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Fine Wine: A Very Current Discussion and Debate

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22/03/2024 Exploring Perspectives on Fine Wine: A Contemporary Discourse

“Fine wine,” a term laden with prestige and tradition, has also recently been a subject of fascination within the wine industry, including the on-trade. Defined by its exceptional quality, ability to age, and the unique expression of its terroir, fine wine occupies a special place in the hearts of enthusiasts, sommeliers, and investors alike. However, as the global wine landscape evolves, so too must our understanding of what constitutes fine wine.

Enter ARENI Global, a think tank dedicated to rethinking the future of fine wine. Led by Pauline Vicard, ARENI Global has embarked on a noble yet challenging mission: to redefine the parameters of fine wine for the modern era. Their 2023 white paper, based on interviews with 200 industry experts, identified five key attributes of fine wine: balance, harmony, complexity, emotional provocation, a relationship with its maker, sustainability, and recognition by the broad community of taste.

Notably, ARENI’s “partners” for the fine wine white paper included a powerful trade organization, the California Wine Institute, Sotheby’s, Berry Brothers & Rudd, Nonni Strategic Marketing, Moët Hennesy, and Ste Michelle Wine Estates, all companies with a huge financial stake in the luxury and premium wine sectors.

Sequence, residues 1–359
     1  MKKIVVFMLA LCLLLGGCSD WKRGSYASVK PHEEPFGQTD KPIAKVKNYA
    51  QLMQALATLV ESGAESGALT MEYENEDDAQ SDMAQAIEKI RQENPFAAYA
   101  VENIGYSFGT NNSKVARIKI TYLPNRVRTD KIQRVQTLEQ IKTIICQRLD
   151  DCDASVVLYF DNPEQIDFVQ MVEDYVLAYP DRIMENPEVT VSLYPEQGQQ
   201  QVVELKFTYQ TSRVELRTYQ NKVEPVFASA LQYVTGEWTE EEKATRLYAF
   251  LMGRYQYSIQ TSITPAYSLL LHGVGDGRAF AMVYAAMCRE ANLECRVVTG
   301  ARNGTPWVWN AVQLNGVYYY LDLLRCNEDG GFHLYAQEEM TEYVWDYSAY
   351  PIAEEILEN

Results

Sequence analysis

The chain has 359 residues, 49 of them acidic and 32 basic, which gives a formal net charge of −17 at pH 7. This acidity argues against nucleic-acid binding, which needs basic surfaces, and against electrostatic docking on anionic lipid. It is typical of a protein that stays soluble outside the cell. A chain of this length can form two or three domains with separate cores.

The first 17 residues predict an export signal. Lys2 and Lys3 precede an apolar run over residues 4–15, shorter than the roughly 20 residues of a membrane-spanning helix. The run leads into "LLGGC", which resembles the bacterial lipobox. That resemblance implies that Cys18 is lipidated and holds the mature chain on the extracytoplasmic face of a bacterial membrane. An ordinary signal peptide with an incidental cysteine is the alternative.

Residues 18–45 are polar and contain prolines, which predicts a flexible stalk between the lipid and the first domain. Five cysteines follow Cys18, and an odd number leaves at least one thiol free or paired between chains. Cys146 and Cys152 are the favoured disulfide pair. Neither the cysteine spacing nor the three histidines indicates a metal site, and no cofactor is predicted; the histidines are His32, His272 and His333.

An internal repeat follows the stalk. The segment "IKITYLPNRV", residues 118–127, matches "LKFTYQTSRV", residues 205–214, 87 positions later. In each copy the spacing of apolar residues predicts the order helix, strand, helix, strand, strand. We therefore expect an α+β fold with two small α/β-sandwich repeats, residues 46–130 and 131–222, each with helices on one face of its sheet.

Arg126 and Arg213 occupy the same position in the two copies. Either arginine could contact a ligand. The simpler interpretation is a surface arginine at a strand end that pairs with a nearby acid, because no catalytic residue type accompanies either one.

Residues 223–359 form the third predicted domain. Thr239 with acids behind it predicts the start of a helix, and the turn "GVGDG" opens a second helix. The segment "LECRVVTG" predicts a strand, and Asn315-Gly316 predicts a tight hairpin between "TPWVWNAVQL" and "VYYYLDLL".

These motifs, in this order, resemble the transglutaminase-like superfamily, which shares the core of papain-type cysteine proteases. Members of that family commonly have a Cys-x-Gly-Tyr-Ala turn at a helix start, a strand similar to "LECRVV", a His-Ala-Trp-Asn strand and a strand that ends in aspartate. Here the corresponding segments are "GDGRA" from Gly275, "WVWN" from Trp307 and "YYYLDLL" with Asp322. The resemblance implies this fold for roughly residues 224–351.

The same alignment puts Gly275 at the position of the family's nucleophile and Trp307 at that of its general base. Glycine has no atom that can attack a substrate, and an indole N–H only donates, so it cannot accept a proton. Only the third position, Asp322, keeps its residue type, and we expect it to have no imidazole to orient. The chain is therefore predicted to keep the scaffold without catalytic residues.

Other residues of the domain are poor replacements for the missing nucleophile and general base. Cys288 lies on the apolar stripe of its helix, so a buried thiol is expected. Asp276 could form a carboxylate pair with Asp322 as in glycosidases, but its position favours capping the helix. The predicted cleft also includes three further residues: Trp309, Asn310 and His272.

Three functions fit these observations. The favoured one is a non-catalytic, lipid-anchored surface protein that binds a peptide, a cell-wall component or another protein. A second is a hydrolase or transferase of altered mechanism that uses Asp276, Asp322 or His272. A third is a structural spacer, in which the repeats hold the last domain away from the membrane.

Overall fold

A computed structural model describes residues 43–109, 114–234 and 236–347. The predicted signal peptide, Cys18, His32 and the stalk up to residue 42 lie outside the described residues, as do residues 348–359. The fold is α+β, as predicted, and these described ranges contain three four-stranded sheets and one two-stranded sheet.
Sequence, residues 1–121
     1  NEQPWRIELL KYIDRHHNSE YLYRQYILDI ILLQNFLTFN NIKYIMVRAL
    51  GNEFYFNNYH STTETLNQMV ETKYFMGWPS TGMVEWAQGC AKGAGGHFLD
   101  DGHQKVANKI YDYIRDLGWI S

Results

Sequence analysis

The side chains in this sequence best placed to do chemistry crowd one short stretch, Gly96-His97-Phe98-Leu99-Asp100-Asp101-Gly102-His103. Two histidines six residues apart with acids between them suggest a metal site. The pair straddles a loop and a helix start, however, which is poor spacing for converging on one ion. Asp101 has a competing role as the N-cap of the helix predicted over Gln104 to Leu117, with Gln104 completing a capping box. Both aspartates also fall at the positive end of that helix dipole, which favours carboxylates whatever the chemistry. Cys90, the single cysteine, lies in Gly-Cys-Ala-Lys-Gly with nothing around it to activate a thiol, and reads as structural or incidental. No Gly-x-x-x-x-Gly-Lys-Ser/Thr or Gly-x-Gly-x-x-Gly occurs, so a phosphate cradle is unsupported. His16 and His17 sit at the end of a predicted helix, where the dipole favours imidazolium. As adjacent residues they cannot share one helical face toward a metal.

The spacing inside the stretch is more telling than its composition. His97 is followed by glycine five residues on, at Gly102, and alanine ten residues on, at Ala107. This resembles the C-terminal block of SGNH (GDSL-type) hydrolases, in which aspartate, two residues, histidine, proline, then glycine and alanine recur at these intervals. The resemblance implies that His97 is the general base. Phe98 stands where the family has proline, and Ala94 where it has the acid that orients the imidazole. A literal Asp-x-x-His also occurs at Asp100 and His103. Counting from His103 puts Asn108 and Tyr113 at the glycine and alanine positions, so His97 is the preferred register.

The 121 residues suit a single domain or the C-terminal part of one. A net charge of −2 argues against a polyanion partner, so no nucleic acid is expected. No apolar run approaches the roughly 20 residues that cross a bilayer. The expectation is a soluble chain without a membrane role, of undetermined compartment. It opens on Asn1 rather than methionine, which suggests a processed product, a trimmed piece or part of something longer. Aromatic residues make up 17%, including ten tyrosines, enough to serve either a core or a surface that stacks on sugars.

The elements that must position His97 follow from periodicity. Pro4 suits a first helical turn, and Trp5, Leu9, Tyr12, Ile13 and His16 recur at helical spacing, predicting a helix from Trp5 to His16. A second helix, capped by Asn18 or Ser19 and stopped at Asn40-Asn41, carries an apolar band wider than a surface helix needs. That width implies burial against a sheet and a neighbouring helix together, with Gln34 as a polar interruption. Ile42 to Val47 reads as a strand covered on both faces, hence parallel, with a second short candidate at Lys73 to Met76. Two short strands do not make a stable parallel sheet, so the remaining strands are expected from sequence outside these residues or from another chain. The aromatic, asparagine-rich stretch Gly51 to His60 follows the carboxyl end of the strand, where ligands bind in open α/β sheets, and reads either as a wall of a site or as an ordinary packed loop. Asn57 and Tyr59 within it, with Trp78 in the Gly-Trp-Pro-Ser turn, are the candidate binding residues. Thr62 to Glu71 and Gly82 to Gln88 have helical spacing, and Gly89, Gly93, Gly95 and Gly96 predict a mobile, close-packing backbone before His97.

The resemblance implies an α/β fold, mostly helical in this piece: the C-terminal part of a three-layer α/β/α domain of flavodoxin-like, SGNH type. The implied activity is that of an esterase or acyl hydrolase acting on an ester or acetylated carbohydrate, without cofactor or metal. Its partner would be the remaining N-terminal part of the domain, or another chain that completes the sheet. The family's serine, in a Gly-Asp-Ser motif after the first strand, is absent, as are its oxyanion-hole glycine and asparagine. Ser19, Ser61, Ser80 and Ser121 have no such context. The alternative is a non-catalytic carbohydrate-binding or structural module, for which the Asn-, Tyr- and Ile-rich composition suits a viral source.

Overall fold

Critics of ARENI's approach, such as Tim Atkin MW, argue that while attributes of fine wine defined by ARENI are valid, they are not exclusive to wines considered “fine” by most people. Critics point to the conservatism of the fine wine world, which often values tradition over innovation and is slow to adapt to changing consumer preferences. Importantly, this viewpoint also questions the relevance of defining fine wine in such rigid terms, arguing that it limits the diversity and creativity of the wine industry.

The Example of Liv-Ex

Writing in 2023, Atkin pointed out: “Liv-ex’s Power 100, based on the prices at which fine wines are traded, encapsulates this conservatism. The most recent ranking is made up of producers from the following narrow band of countries and regions: Burgundy (39), Bordeaux (25), Italy (12), Champagne (9), the United States (8), the Rhône (5) and one each from Spain and Australia. Without looking up the list, guess the wineries from Spain and Australia? Yup, spot on Penfolds and Vega Sicilia.” 

Tim Atkin MW's critical perspective on the fine wine market comes into focus through an interview ARENI conducted with James Miles and Justin Gibbs, the founders of Liv-ex. Atkin highlighted the conservatism of the fine wine world (exemplified by the Liv-Ex index), noting its slow adaptation, timidity in judgments, and reluctance to embrace emerging superstars or new regions until market confirmation. He emphasizes that while critics play a crucial role in the market, their influence on pricing has diminished somewhat since the retirement of figures like Robert Parker.